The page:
SMMGP has published guidance for using benzodiazepines and benzo-like drugs in primary care. It’s a comprehensive 60+ page document which covers most (but not all) of the bases and reinforces the need for caution when prescribing the drugs. The guidance is so long in coming because consensus could not be reached. Benzo prescribing is an issue where people have strong views.
The guidance sets out a major problem: that current prescribing guidance is that these drugs should not be used for more than 2-4 weeks, but in practice this is widely flouted with over one million people on these in the long term. As I say the document is comprehensive, so I’ve just picked out a few nuggets here.
Key points on insomnia and anxiety
- Address underlying issues; go for talking first
- Drugs should not be first line
- Low dose, short treatment
- Not indicated for chronic problems
- Prescribing “controversial” for those with established benzo dependence
Long term use
- Considerable, mental and social health problems can occur. Avoid long term use
- Relapse rates are low with benzos (are they seeing different clients from me?)
- Long-term use of benzodiazepines has been associated with long-term cognitive effects, memory impairment, emotional blunting, weakening of coping skills and amnesia, which gradually disappear in most people 6-12 months after stopping
- Long-term benzodiazepine users will sometimes develop depression, for the first time after prolonged use, which will resolve within 6 months or a year of stopping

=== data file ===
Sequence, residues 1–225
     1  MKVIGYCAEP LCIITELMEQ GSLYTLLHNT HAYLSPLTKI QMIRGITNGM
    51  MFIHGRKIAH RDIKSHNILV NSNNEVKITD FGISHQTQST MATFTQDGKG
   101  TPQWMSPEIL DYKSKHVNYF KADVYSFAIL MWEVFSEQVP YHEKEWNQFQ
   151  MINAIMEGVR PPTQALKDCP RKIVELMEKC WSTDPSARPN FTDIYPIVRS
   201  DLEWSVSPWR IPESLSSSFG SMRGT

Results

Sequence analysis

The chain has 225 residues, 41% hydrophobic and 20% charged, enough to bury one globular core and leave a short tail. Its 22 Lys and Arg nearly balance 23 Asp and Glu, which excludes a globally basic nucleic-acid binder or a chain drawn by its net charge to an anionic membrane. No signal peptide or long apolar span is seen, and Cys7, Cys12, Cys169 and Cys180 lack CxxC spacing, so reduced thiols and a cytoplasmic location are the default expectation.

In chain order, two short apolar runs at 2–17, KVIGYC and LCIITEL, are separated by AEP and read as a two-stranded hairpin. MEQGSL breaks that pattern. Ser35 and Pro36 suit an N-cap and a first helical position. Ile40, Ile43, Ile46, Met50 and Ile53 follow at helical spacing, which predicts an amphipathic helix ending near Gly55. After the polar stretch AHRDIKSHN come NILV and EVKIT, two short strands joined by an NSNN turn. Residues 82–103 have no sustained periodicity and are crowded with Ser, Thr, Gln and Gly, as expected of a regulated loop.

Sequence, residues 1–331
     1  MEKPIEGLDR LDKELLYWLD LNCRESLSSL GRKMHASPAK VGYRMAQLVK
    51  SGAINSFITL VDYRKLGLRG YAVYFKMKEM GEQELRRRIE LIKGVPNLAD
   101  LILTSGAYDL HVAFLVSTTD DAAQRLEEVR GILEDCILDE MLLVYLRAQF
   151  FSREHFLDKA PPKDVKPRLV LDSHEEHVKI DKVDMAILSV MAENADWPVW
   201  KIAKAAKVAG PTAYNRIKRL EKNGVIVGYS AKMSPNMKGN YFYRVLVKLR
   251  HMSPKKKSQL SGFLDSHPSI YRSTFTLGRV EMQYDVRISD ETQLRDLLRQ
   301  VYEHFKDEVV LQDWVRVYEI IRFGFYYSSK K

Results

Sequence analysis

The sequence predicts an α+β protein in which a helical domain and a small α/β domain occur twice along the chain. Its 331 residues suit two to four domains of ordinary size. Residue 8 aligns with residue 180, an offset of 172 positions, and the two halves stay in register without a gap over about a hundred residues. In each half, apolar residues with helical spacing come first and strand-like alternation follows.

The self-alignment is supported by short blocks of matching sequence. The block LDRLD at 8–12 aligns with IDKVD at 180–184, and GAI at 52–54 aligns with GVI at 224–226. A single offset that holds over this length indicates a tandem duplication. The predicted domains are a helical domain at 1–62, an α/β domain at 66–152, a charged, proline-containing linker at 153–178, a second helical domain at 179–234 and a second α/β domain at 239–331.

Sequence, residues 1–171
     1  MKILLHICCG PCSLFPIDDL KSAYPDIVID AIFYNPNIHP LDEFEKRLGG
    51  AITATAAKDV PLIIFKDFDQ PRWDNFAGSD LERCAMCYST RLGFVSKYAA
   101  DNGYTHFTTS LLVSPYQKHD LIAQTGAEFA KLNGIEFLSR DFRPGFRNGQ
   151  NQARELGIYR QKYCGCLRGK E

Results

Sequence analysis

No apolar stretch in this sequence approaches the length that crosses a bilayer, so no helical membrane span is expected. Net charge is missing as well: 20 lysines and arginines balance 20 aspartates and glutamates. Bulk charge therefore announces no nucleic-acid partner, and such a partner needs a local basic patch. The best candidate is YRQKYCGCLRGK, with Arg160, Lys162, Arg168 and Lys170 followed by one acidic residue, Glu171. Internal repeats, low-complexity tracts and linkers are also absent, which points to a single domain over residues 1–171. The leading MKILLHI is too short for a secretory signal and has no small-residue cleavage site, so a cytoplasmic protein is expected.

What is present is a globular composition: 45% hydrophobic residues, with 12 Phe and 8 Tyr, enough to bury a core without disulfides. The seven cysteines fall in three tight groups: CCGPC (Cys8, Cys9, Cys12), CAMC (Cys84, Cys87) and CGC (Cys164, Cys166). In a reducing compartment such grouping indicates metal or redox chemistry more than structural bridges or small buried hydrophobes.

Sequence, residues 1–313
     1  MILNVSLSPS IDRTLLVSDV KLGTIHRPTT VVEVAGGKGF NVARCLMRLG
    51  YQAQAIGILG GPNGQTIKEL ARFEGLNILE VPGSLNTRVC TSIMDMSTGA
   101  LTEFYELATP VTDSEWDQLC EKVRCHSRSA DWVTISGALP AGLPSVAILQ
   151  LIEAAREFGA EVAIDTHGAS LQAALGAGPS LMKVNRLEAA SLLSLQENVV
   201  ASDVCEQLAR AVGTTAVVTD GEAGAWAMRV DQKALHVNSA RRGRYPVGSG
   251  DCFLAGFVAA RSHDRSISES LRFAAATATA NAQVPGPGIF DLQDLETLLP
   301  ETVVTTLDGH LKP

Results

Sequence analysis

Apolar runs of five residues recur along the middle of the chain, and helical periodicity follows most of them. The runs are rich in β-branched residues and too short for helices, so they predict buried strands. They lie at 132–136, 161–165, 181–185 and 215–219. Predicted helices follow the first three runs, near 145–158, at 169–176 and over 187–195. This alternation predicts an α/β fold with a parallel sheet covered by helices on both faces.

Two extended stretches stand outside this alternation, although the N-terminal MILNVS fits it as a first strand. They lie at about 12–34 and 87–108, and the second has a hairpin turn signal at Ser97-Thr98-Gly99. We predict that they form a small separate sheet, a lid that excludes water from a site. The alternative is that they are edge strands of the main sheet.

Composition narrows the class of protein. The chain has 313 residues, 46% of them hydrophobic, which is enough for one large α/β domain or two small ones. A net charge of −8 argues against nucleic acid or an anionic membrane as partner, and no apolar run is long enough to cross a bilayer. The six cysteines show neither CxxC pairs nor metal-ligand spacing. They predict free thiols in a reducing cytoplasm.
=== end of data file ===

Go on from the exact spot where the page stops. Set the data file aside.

- Benzodiazepines may also aggravate depression and can precipitate suicidal tendencies in depressed patients
- Use of benzodiazepine and Z-drug hypnotics is associated with an increased risk of many physical health conditions and death
- Fits are rare
The guidance is solid, based on evidence or experience and is certainly the best and most robust piece of work I have seen on the subject. Not everyone will agree with everything in the guidance, but there’s enough here to make it useful to everyone.
There were two things that put up red flags for me. The first was the reference to ‘involuntary addiction’. Sometimes called “iatrogenic”. To me this suggests a different sort of addiction; one which is materially different. Presumably this distinction means that either addiction is something that happens to you or you make a conscious choice to volunteer for addiction. I believe this adds to discrimination and stigma to start to create classes of addiction. Nobody sets out to develop all of the negative consequences of addiction. Nobody. Involuntary addiction is a term best abandoned.
Secondly, and it is by no means confined to this document, the whole thing is recovery light. How many times is recovery mentioned in the body of the document? That will be zero. What about mutual aid? Not at all. (Self-help is mentioned in terms of anxiety management).
The authors estimate that there are between half a million and a million people dependent on benzodiazepines in the UK. I have seen many, many folk who fulfil criteria for benzo dependence go on to achieve recovery with the help of community recovery resources. It seems most odd not to mention the recovery process in terms of managing a benzo dependence problem.
That said, I think most folk working in clinical settings will welcome this document on benzodiazepine guidance. Take a look here.